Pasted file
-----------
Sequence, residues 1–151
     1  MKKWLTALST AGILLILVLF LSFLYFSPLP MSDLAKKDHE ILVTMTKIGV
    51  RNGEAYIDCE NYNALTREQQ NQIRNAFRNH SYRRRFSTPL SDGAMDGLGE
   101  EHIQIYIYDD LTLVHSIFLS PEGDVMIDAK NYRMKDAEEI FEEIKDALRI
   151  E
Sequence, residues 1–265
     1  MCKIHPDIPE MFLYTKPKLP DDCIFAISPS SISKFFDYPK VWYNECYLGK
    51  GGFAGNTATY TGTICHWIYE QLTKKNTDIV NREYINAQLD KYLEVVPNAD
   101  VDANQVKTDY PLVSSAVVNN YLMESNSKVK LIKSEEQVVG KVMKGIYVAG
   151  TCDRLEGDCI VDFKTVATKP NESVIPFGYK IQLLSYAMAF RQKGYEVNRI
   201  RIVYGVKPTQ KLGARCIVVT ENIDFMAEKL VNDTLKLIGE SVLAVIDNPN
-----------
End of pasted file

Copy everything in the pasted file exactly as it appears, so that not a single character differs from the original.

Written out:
Sequence, residues 1–151
     1  MKKWLTALST AGILLILVLF LSFLYFSPLP MSDLAKKDHE ILVTMTKIGV
    51  RNGEAYIDCE NYNALTREQQ NQIRNAFRNH SYRRRFSTPL SDGAMDGLGE
   101  EHIQIYIYDD LTLVHSIFLS PEGDVMIDAK NYRMKDAEEI FEEIKDALRI
   151  E
Sequence, residues 1–265
     1  MCKIHPDIPE MFLYTKPKLP DDCIFAISPS SISKFFDYPK VWYNECYLGK
    51  GGFAGNTATY TGTICHWIYE QLTKKNTDIV NREYINAQLD KYLEVVPNAD
   101  VDANQVKTDY PLVSSAVVNN YLMESNSKVK LIKSEEQVVG KVMKGIYVAG
   151  TCDRLEGDCI VDFKTVATKP NESVIPFGYK IQLLSYAMAF RQKGYEVNRI
   201  RIVYGVKPTQ KLGARCIVVT ENIDFMAEKL VNDTLKLIGE SVLAVIDNPN